This is when you summon demons (instead of elementals) and bind them into your weapons and armour and make magic items out of them. You can only bind a number of demons equal to half your CHA. In 1st edition there were 6 types of demons, and you varied their stats based on yours. High POW means your demons will have good stats, and hence your demon sword, demon armour, etc will be awesome.

The limit on this is that each sorcerer only knows how to Summon 2 or 3 of the 6 different types. This created a neat opportunity for players to trade different demons amongst themselves.

In 4th edition they swapped out the 6 different kinds for a 'pay for powers from this list of 30-40', so that looks better to me both in terms of matching Rogue Mistress and in terms of interesting bound demons. Also 4th edition has some bookkeeping impositions requiring you to buy expensive blank grimoires to write down all the different Summons you learn. Melniboneans are rich, so this doesn't affect the mini-game -- although it does give you bragging rights "My library has 100 grimoires" etc. Of course taking grimoires from your dead opponents (or trading them with your friends) now has an in-game effect, so that is cool too.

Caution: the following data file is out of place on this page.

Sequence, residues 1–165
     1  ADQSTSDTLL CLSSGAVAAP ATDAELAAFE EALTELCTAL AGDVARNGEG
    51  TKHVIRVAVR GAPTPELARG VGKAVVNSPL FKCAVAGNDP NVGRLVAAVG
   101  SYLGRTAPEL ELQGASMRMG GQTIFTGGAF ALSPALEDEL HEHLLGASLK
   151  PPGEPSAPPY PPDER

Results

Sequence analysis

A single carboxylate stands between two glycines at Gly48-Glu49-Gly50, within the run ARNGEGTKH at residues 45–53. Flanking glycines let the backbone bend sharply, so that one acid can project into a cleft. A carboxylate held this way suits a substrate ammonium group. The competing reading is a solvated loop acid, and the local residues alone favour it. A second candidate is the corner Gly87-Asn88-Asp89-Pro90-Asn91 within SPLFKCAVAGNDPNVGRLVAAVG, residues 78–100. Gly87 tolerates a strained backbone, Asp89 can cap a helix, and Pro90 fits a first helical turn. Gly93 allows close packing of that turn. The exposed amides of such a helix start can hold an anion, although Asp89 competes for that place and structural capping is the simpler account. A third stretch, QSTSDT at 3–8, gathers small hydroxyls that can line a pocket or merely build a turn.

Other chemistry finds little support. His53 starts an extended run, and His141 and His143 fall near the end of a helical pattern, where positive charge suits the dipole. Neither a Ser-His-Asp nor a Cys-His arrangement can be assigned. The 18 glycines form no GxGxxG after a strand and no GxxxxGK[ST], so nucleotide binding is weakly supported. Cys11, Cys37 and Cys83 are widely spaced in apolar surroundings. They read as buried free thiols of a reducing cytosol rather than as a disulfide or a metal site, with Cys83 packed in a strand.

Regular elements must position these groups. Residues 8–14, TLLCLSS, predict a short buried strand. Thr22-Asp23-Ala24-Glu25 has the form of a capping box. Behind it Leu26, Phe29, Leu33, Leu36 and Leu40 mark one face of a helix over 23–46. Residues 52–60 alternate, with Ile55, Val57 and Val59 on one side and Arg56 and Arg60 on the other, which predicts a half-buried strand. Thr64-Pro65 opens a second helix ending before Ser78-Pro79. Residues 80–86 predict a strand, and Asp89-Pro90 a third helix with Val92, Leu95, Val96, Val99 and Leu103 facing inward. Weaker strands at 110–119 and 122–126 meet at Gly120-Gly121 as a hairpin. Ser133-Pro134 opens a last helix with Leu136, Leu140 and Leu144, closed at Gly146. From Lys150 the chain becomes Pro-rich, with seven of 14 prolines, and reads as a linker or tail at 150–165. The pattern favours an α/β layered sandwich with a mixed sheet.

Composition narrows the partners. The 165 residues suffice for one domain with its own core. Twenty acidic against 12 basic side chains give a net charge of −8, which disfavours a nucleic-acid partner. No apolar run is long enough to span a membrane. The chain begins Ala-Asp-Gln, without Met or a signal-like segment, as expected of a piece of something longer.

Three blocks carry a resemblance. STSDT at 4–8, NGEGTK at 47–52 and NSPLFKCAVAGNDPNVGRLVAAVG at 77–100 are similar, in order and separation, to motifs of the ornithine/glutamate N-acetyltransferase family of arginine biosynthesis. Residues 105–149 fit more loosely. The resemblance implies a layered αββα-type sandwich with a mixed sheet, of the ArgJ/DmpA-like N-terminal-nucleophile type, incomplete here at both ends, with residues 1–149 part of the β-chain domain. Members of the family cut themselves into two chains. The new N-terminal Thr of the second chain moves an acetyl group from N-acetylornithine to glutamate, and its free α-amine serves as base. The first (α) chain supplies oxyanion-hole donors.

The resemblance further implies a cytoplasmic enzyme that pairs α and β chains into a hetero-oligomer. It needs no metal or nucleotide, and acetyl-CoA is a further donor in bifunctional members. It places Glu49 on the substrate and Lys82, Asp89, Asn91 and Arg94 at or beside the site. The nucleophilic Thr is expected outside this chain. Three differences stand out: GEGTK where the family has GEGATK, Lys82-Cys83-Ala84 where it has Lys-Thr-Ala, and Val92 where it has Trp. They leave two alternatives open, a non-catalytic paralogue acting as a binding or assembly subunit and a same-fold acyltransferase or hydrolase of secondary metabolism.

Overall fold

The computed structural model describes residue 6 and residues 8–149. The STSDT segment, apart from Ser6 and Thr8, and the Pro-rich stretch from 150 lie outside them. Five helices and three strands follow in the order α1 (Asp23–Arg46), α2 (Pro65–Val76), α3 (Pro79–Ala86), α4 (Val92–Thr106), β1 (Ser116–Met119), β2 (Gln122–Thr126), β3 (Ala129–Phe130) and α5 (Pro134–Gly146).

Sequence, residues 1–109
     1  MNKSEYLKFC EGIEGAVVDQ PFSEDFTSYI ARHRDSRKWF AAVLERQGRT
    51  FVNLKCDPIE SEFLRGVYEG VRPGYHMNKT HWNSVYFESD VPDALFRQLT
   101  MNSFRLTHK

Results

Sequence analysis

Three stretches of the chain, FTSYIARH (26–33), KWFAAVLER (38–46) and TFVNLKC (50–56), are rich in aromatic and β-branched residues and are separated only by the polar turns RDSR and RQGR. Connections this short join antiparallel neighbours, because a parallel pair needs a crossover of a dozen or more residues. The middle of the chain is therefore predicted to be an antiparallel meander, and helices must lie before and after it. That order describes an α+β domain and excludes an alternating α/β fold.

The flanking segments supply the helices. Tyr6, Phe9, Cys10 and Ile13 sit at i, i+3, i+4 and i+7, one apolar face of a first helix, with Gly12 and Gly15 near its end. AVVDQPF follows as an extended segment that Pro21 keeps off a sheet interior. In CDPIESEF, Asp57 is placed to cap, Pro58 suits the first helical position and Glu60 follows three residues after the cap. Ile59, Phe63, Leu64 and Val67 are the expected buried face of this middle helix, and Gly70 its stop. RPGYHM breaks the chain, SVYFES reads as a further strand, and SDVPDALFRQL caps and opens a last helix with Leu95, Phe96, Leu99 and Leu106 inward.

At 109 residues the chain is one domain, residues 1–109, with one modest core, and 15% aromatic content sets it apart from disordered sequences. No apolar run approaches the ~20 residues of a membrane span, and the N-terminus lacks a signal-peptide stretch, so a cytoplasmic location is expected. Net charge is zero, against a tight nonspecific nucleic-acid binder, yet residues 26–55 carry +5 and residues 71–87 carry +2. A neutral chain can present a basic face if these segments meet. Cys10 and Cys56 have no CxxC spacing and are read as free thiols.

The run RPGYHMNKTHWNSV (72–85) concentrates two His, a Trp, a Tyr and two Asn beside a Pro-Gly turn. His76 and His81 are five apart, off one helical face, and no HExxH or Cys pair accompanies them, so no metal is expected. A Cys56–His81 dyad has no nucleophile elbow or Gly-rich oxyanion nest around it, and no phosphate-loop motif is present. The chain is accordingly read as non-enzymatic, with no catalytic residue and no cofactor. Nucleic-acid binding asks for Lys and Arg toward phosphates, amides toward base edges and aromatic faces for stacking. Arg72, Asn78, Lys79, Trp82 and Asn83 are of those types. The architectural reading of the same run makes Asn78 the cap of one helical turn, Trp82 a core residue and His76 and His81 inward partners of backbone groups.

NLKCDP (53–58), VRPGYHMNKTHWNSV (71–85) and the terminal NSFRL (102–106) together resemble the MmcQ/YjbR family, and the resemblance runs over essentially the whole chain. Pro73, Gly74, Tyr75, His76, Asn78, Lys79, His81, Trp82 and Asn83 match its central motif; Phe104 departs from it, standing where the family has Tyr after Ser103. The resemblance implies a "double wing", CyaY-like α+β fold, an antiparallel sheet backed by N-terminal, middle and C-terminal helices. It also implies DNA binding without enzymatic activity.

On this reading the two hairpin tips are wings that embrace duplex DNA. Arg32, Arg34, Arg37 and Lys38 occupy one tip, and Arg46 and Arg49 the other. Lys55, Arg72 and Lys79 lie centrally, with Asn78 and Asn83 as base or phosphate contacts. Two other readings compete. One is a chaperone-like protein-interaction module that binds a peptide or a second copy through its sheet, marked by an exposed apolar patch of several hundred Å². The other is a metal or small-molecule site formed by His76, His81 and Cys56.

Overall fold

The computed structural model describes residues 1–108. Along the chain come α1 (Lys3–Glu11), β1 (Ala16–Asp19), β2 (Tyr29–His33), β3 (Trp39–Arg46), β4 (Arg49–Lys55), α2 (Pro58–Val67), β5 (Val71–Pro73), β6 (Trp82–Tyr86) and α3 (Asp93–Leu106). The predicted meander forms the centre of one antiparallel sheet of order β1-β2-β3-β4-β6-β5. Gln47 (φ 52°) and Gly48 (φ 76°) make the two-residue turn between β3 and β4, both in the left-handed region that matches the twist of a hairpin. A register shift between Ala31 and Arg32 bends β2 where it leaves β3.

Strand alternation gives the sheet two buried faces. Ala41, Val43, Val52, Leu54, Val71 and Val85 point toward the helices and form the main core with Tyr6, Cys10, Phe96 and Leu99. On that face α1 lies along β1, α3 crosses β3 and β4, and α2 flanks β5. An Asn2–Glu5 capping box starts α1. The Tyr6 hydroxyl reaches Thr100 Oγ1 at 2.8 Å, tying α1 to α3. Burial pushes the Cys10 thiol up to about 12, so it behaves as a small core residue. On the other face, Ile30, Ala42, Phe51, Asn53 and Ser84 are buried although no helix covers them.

Obviously, I'm thinking of using the 1st edition Summoning mini-game as prep for Rogue Mistress.


Looking over Mongoose Runequest II and MRQII - Elric of Melnibone (MRQ II Elric is a supplement not a game on its own) there are some interesting things to add to chargen however.

In MRQ II everyone rolls to build their family and then on the Background Events table, and then you invent 2-3 Passions for your character based on that.

So I'm thinking of how to make all those elemental summoning rolls more interesting. In the text, for each additional elemental you bind at one time, there is a chance of drawing the attention of the lord of those elementals: either Straasha, Grome, Lassa, or Kakatal depending on type. There's a little bit of text describing each one, but not enough so that they have a personality.